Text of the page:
Chapter 7. Statistical Estimation and Sampling Distributions

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Chapter 7. Statistical Estimation and Sampling Distributions
7.1 Point Estimates 7.2 Properties of Point Estimates 7.3 Sampling Distributions 7.4 Constructing Parameter Estimates 7.5 Supplementary Problems

7.1 Point Estimates 7.1.1 Parameters
In statistical inference, the term parameter is used to denote a quantity , say, that is a property of an unknown probability distribution. For example, the mean, variance, or a particular quantile of the probability distribution Parameters are unknown, and one of the goals of statistical inference is to estimate them.

Figure 7.1 The relationship between a point estimate and an unknown parameter θ

Figure 7.2 Estimation of the population mean by the sample mean

7.1.2 Statistics Statistics
In statistical inference, the term statistics is used to denote a quantity that is a property of a sample. Statistics are functions of a random sample. For example, the sample mean, sample variance, or a particular sample quantile. Statistics are random variables whose observed values can be calculated from a set of observed data.

7.1.3 Estimation Estimation
A procedure of “guessing” properties of the population from which data are collected. A point estimate of an unknown parameter is a statistic that represents a “guess” at the value of . Example 1 (Machine breakdowns) How to estimate P(machine breakdown due to operator misuse) ? Example 2 (Rolling mill scrap) How to estimate the mean and variance of the probability distribution of % scrap ( ) ?

7.2 Properties of Point Estimates 7.2.1. Unbiased Estimates (1/5)
Definitions - A point estimate for a parameter is said to be unbiased if - If a point estimate is not unbiased, then its bias is defined to be

7.2.1. Unbiased Estimates (2/5)
Point estimate of a success probability -

7.2.1. Unbiased Estimates(3/5)
Point estimate of a population mean -

7.2.1. Unbiased Estimates(4/5)
Point estimate of a population variance

7.2.1. Unbiased Estimates (5/5)

7.2.2. Minimum Variance Estimates (1/4)
Which is the better of two unbiased point estimates?

7.2.2. Minimum Variance Estimates (2/4)

7.2.2. Minimum Variance Estimates (3/4)
An unbiased point estimate whose variance is smaller than any other unbiased point estimate: minimum variance unbised estimate (MVUE) Relative efficiency Mean squared error (MSE) How is it decomposed ? Why is it useful ?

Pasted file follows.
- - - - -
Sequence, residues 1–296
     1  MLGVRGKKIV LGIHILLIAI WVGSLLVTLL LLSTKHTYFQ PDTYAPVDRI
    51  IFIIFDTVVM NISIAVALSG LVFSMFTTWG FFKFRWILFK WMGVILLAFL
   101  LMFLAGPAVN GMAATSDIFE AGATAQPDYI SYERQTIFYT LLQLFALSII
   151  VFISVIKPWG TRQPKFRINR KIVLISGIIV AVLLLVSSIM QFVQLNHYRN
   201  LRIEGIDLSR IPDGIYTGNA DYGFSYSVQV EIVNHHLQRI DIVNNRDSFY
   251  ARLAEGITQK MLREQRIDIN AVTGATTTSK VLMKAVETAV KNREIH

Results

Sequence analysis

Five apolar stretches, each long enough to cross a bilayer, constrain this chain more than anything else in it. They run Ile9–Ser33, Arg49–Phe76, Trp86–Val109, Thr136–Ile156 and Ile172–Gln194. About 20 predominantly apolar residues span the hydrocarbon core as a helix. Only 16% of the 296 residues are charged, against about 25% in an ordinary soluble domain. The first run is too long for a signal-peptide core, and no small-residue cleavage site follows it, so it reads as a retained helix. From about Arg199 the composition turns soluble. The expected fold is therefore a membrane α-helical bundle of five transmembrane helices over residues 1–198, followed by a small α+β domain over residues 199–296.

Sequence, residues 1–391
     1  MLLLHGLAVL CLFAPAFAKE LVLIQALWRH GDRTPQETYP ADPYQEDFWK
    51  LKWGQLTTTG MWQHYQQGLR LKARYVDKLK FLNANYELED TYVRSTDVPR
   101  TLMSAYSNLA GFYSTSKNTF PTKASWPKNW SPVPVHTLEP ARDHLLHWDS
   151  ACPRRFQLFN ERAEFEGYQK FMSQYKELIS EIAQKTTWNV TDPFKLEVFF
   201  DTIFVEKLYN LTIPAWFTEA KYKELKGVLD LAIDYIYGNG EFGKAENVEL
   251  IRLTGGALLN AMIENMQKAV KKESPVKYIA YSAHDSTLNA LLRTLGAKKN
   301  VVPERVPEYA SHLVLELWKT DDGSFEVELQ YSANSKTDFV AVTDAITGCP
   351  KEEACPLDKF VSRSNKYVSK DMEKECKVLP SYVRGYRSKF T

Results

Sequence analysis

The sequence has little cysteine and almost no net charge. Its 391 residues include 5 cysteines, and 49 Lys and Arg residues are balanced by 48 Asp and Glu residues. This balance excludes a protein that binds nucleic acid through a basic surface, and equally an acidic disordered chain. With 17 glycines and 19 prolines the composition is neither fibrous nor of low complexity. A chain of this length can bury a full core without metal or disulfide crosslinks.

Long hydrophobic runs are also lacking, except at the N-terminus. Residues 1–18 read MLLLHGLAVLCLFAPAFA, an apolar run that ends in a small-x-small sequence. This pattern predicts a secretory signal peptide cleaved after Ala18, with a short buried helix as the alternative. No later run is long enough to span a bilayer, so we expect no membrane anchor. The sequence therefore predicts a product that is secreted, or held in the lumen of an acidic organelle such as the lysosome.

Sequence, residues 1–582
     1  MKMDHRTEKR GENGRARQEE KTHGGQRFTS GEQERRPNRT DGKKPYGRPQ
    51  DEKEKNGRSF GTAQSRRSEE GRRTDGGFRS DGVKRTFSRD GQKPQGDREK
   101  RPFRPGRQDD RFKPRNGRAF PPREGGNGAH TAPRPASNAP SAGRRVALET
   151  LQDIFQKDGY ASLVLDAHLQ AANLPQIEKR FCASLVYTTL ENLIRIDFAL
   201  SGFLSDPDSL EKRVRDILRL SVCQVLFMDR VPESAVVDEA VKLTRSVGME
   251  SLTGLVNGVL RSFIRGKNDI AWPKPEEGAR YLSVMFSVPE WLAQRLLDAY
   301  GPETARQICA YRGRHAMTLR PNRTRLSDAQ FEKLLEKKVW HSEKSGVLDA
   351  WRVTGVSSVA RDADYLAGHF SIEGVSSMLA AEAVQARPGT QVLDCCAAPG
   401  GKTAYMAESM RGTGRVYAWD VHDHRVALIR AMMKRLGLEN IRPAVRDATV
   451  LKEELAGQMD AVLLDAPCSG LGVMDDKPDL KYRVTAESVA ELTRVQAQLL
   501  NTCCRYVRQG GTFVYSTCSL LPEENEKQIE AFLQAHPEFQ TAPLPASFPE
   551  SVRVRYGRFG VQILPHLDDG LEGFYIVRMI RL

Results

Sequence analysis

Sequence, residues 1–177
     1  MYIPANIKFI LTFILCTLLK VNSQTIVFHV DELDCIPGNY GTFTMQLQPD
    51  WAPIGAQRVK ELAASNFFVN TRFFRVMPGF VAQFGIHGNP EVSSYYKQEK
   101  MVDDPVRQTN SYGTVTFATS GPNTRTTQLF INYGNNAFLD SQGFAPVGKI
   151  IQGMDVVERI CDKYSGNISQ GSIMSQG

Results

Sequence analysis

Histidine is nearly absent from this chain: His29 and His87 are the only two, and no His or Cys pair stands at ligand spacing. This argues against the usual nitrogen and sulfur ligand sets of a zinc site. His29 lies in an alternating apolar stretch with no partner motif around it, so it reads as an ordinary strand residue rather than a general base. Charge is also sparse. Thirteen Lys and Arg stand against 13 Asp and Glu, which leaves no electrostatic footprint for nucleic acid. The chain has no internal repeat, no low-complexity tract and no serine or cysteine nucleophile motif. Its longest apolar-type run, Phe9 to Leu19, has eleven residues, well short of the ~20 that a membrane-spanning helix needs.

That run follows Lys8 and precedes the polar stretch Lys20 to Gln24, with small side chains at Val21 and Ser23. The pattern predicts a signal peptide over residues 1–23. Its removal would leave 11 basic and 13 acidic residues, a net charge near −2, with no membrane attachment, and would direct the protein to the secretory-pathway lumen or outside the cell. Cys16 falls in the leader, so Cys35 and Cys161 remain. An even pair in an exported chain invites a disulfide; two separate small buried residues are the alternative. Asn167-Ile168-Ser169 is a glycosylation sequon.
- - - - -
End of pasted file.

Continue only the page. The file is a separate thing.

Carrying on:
7.2.2. Minimum Variance Estimates (4/4)

Example: two independent measurements
Point estimates of the unknown C They are both unbiased estimates since The relative efficiency of to is Let us consider a new estimate Then, this estimate is unbiased since What is the optimal value of p that results in having the smallest possible mean square error (MSE)?

Let the variance of be given by
Differentiating with respect to p yields that The value of p that minimizes Therefore, in this example, The variance of

The relative efficiency of to is
In general, assuming that we have n independent and unbiased estimates having variance respectively for a parameter , we can set the unbiased estimator as The variance of this estimator is

Mean square error (MSE):
Let us consider a point estimate Then, the mean square error is defined by Moreover, notice that

7.3 Sampling Distribution 7.3.1 Sample Proportion (1/2)

7.3.1 Sample Proportion (2/2) Standard error of the sample mean

7.3.2 Sample Mean (1/3) Distribution of Sample Mean

7.3.2 Sample Mean (2/3) Standard error of the sample mean

7.3.2 Sample Mean (3/3)

7.3.3 Sample Variance (1/2) Distribution of Sample Variance

Theorem: if is a sample from a normal population having mean and variance , then are independent random variables, with being normal with mean and variance and being chi-square with n-1 degrees of freedom. (proof) Let Then, or equivalently, Dividing this equation by we get Cf. Let X and Y be independent chi-square random variables with m and n degrees of freedom respectively. Then, Z=X+Y is a chi-square random variable with m+n degrees of freedom.

In the previous equation,
Therefore,

7.3.3 Sample Variance (2/2) t-statistics

7.4 Constructing Parameter Estimates 7.4.1 The Method of Moments (1/3)
Method of moments point estimate for One Parameter

7.4.1 The Method of Moments (2/3)
Method of moments point estimates for Two Parameters

7.4.1 The Method of Moments (3/3)
Examples - What if the distribution is exponential with the parameter ?

7.4.2 Maximum Likelihood Estimates (1/4)
Maximum Likelihood Estimate for One Parameter

7.4.2 Maximum Likelihood Estimates (2/4)
Example -

7.4.2 Maximum Likelihood Estimates (3/4)
Maximum Likelihood Estimate for Two Parameters

7.4.2 Maximum Likelihood Estimates (4/4)
Example

7.4.3 Examples (1/6) Glass Sheet Flaws - The method of moment

7.4.3 Examples (2/6) The maximum likelihood estimate:

7.4.3 Examples (3/6) Example 26: Fish Tagging and Recapture

7.4.3 Examples (4/6)

7.4.3 Examples (5/6) Example 36: Bee Colonies

7.4.3 Examples (6/6)

MLE for For some distribution, the MLE may not be found by differentiation. You have to look at the curve of the likelihood function itself.

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